What is Lenz’s Law of Electromagnetic Induction
What is Lenz’s Law?
According to the Lenz’s law (which was introduced by a Russian of Baltic German physicist Heinrich Friedrich Emil Lenz in 1834), the direction of current can be found. when the current through a coil changes magnetic field, the voltage is created as a result of changing magnetic field, the direction of the induced voltage is such that it always opposes the change in current.
Lenz’s law entails how the direction of an induced EMF in a coil can be determined. “It thus states that the direction of induced EMF is such that it opposes the change causing it.
In other words, The Lenz’s law states that when an E.M.F is induced in a circuit, the current setup always opposes the motion, or change in current, which produces it. OR
An induced EMF will cause a current to flow in a close circuit in such a direction that its magnetic effect will oppose the change that produced it.
In very simple words, Lenz’s law states that the induced effect is always such as to oppose the cause that produced it.
Explanation of Lenz’s Law
Lenz’s law (which is a little bit tricky and confusing for newbies) can be understood with the help of the above diagram where an insulated coil is connected to a sensitive galvanometer and a static and solid bar magnet. Let’s see how it works
- When both the bar magnet and coil is in static position, no current flowing or induced EMF (even the small amount of flux (N pole’s of static magnet bar) linked to the coil movement), hence, no deflection in the galvanometer.
- When the magnet bar moves quickly towards the coil, there is rapid deflection in the galvanometer for an instance. Keep in mind that the deflection will remain constant until the continuous movement of the magnet bar with respect to the coil (i.e. relative moment between magnet bar and coil). If both the magnet bar and coil achieve the static position, the deflection of the galvanometer will be at Zero position (as shown in fig 1 A).
- When the magnet bar is moved away from the coil, there will be again a deflection in the galvanometer until the relative movement between magnet bar and coil becomes at rest or static position. Keep in mind the direction of the galvanometer is in the opposite direction with the respect of fig 1A (as shown in fig 1 B).
- The same happens (Step 2 & 3) if the magnet bar is in a static position while the coil moves towards or moves away from the static magnet bar.
It clearly shows that when the magnet bar (in movement) is near to the coil, it cuts or links to the large portion of flux whereas, the rate of flux linkage is less in case when magnet bar moves away from the coil.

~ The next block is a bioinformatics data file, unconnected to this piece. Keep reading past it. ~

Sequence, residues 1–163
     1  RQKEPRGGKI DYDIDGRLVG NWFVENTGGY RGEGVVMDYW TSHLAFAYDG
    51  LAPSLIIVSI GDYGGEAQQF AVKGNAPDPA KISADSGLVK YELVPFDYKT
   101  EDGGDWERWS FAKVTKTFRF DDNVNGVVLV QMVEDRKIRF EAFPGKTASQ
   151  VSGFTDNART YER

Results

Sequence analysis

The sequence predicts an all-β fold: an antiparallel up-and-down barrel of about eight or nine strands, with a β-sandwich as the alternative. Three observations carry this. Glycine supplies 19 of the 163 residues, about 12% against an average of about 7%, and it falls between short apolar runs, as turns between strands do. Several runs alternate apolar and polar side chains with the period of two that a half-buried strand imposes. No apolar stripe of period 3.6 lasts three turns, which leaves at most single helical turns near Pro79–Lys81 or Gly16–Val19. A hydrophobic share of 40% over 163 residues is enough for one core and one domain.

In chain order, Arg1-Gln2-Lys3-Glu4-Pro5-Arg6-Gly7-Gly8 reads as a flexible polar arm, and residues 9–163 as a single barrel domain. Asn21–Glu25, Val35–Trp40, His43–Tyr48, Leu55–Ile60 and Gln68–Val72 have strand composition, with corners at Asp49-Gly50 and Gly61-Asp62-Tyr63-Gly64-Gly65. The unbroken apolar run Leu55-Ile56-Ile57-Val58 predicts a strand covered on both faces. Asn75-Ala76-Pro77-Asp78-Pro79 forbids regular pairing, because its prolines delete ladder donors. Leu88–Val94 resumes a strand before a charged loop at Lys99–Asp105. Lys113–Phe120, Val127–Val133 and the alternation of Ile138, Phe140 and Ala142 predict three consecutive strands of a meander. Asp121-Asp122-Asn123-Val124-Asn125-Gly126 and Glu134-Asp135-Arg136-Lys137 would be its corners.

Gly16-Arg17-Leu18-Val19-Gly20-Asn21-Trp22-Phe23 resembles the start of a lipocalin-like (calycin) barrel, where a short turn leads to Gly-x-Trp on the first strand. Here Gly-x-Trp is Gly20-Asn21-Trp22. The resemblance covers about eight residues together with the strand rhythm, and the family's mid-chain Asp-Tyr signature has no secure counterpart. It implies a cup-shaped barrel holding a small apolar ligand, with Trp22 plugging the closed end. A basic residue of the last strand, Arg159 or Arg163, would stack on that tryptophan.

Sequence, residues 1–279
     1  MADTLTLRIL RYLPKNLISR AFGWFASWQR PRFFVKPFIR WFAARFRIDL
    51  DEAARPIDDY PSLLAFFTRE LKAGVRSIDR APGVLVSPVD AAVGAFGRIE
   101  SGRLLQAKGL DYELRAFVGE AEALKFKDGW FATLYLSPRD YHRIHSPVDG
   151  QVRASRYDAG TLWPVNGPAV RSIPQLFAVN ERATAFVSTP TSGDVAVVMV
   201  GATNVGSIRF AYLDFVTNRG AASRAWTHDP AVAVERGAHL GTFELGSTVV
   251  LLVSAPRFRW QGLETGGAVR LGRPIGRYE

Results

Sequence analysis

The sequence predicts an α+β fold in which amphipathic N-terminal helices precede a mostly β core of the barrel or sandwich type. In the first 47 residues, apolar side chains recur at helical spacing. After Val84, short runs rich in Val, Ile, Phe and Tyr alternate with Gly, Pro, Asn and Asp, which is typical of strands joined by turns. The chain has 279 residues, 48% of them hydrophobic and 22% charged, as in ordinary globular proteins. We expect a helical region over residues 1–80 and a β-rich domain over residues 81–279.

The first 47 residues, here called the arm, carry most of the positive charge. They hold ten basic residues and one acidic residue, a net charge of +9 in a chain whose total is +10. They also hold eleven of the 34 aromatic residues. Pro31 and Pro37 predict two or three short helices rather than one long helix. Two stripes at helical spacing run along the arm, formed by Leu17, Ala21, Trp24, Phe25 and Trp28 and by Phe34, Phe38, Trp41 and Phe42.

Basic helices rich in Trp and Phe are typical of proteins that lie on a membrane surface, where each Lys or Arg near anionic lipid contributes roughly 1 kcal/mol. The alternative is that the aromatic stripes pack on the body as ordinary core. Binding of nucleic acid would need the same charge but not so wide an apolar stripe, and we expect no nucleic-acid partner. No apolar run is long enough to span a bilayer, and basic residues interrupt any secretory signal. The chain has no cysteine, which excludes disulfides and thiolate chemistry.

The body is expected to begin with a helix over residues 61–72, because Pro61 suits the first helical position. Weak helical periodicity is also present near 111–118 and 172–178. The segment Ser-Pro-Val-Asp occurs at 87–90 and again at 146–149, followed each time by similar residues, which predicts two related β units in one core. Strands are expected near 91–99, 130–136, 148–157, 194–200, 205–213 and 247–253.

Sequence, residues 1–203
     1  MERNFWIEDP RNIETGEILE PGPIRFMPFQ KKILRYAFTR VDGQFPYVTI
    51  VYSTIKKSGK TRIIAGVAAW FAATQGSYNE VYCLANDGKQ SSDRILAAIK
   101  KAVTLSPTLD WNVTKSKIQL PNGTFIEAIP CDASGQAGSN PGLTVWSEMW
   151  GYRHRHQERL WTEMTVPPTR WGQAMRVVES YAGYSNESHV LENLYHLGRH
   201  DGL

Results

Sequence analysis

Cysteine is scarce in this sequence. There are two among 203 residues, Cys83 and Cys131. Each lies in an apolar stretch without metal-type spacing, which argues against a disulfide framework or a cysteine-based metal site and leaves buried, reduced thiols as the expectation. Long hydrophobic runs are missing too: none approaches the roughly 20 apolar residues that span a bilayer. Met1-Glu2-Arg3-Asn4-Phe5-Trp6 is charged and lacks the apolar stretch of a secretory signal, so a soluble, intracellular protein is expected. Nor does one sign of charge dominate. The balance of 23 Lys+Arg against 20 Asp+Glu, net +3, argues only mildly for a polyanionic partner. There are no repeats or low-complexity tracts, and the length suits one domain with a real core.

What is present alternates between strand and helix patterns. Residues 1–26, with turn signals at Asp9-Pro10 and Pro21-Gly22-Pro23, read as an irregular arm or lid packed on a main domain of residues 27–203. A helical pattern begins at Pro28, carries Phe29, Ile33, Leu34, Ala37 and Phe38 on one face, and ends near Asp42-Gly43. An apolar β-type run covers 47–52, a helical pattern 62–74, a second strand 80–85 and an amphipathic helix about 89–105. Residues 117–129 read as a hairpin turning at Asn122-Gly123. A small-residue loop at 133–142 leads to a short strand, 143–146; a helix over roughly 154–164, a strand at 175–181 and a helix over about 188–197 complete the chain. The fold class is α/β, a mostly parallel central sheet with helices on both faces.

The deflection in the galvanometer shows the induced EMF in the coil which caused by all of sudden moving towards or moving away the magnet bar to the coil. The exact reason for induced EMF is the change in flux linkage with respect to the coil which continues until the movement of both magnet bar or coil is stopped. In other words, a strong magnetic field or flux won’t induce EMF in the static conductor. Hence, change in flux is the must have phenomena to induce EMF either in coil or conductors.
The above explanation shows that when the “N” Pole of the magnet is moved towards the coil, EMF induced in the coil and flows the current in it in the anti-clock wise direction (seeing the coil by side), hence, the front end of the coil becomes “N” Pole (fig 1.A).
This way, the magnet’s North pole reflects the N coil’s N pole. A mechanical energy is used to control this repulsive force which converts into electrical energy in the form of EMF in the coil.
Similarly, When the N Pole of the magnet is moved away from the coil, the facing end of the coil becomes “S” Pole. This way, the magnet bar N pole attracts the coil’s S pole. To control this attractive force between coil and magnet bar, again mechanical energy is needed which converts into electrical energy in the form of Induced EMF in the coil.
This proves that the induced current always flows in a direction such that it opposes the change in magnetic field (moving towards/away the magnet bar to the coil) which produced it.
- Faraday’s Law of Electromagnetic Induction
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Formula & Equations for Lenz’s Law
The basic version of Lenz’s law can be mathematically expressed as follows.
e = – (dΦB/dt)
Actually, the “-” symbol in the Faraday’s law of electromagnetic induction represents the Len’s law. As it is based on the principle of energy conservation as well as Newton’s third law (every action has an equal reaction but the magnitude is in opposite direction.
Other forms of equations and formulas for Lenz’s law are as follows.
- e = – N (dΦB/dt)
- e = – N (ΔΦ/Δt)
- e = – N (δΦB/δt)
- e = Induced EMF in the coil/conductor
- N = Number of turns or loops in the coil
- dΦB, ΔΦ, δΦB = Change in the rate of magnetic flux
- dt, Δt, δt = Change in the rate of time
Applications of Lenz’s Law
There multiple uses and applications based on Len’s law e.g. the basic principle of Lenz’s law is used in
- Electromagnetic braking in trains.
- Induction burners, cooktops and induction heating.
- Electric generators/alternators, transformers and motors (back EMF).
- Microphones, card readers, Audio/Video recording tapes, Hard drive and spinning disks and debit/credit cards.
- Eddy current balance.
- Dynamometers and metal detectors.
- To analyze the basic concept of stored energy in the inductors.
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